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The Grapes of Wrath
John Steinbeck

THE AUTHOR AND HIS TIMES

In fact, Steinbeck developed so much admiration for these working "stiffs," as they called each other, that he took up their style of life. He was nineteen and had spent two unrewarding years at Stanford University. He tried to find work as a deckhand on a Pacific freighter, but ended up instead in the beet and barley fields of the Willoughby Ranch south of Salinas. Then he worked in a beet factory as a bench-chemist.

All the while, he gathered material for writing. After each day's work he wrote- mostly stories and poems. Six months later he decided to return to the classroom and to study the writer's craft seriously. Some of his pieces ended up in the college newspaper; others showed up later as sections of The Long Valley, In Dubious Battle, The Grapes of Wrath, and East of Eden.

Steinbeck's success as a writer coincided with the coming of the Great Depression. As many people around the country lost their wealth, Steinbeck prospered. He started to travel, not only because he could afford it, but because he wanted to collect material for his writing. The country was heavy with frustration. Everywhere he went he met downtrodden people with stories to be told. In 1937, driving a late-model car, he and his wife Carol traveled Route 66 from Oklahoma to California. He saw the roadside camps, used-car lots, diners, and gas stations that eventually became sites for events in The Grapes of Wrath. Thinking that a good story might be written about the migrants, he spent four weeks with workers in California, working with them in the fields and living in their camps.


What started as an idea for a story soon became an issue for Steinbeck. He wrote in a letter to a friend:

I must go over to the interior valleys. There are about five thousand families starving to death over there, not just hungry but actually starving. The government is trying to feed them and get medical attention to them with the fascist groups of utilities and banks and huge growers sabotaging the thing all along the line and yelling for a balanced budget... I've tied into the thing from the first and I must get down there and see it and see if I can't do something to help knock these murderers on the heads.... I'm pretty mad about it.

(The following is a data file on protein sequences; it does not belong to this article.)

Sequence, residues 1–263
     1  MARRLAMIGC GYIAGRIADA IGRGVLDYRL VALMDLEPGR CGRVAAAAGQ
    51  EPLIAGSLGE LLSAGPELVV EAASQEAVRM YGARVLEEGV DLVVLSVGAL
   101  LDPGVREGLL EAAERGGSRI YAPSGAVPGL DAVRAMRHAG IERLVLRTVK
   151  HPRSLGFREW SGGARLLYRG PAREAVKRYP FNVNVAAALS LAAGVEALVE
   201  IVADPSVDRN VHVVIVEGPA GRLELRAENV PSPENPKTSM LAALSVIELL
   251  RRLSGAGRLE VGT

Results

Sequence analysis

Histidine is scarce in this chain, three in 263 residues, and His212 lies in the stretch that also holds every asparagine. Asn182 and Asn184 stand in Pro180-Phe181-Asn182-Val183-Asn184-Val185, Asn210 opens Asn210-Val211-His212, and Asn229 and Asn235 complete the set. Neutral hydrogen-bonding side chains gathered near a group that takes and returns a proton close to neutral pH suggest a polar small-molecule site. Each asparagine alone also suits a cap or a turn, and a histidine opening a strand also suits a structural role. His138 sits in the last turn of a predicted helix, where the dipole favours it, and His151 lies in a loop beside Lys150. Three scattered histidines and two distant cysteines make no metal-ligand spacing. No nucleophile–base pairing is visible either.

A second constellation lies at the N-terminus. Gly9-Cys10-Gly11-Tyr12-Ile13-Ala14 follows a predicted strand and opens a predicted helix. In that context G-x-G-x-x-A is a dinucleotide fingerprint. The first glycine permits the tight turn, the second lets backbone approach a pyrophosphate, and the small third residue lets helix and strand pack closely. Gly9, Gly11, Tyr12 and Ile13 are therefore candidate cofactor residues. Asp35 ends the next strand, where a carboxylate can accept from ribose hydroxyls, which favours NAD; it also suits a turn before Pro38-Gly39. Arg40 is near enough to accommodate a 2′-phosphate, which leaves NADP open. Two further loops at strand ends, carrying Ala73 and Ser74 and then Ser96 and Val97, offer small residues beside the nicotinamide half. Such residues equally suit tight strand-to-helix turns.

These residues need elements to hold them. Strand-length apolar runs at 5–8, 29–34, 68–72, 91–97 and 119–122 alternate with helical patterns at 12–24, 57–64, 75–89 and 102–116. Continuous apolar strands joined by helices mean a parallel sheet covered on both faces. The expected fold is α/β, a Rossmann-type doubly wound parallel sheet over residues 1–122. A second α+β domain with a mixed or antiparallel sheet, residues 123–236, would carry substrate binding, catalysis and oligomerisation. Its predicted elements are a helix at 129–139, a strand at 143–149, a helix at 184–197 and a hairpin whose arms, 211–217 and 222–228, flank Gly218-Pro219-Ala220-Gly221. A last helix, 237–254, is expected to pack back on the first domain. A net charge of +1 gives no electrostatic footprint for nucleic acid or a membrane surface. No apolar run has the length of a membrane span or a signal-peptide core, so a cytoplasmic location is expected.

He wrote an angry article on the inhumane treatment of the migrants. He detailed the wretched conditions of the camps and blamed the California ranch owners for misery among the workers. Meanwhile, he had begun working on The Grapes of Wrath. It pointed fingers at those responsible for keeping people in poverty. It used tough language (in the 1930s four-letter words were uncommon in novels). It was meant to rouse its readers. Steinbeck chose its title from the words of "The Battle Hymn of the Republic," a song, both religious and patriotic, that stirs the emotions as few songs do. Steinbeck expected the book to be a failure. He thought, mistakenly, that many people would hate the book and would most likely hate him, too. He might be branded Communist, a label that could give him trouble for the rest of his life. His publisher urged him to soften the book, to make it more acceptable. Steinbeck refused: "I've never changed a word to fit the prejudices of a group and I never will," he wrote.

It was evidently a wise decision. The Grapes of Wrath is considered Steinbeck's greatest novel. It won the Pulitzer Prize and has been translated into such languages as French, German, and Japanese. Steinbeck's frank portrayal of real people excited readers everywhere. Although some libraries and school boards banned the book, it became a bestseller almost instantly and was made into an Academy Award-winning movie in 1940. The book was rarely attacked on artistic grounds, but some people called it a distortion of the truth, a piece of Communist propaganda. They said it couldn't be true that almost every migrant was a hero and almost every Californian a villain. Almost no one denied that it was a well-written, soundly structured piece of literature.

John Steinbeck died in 1968.

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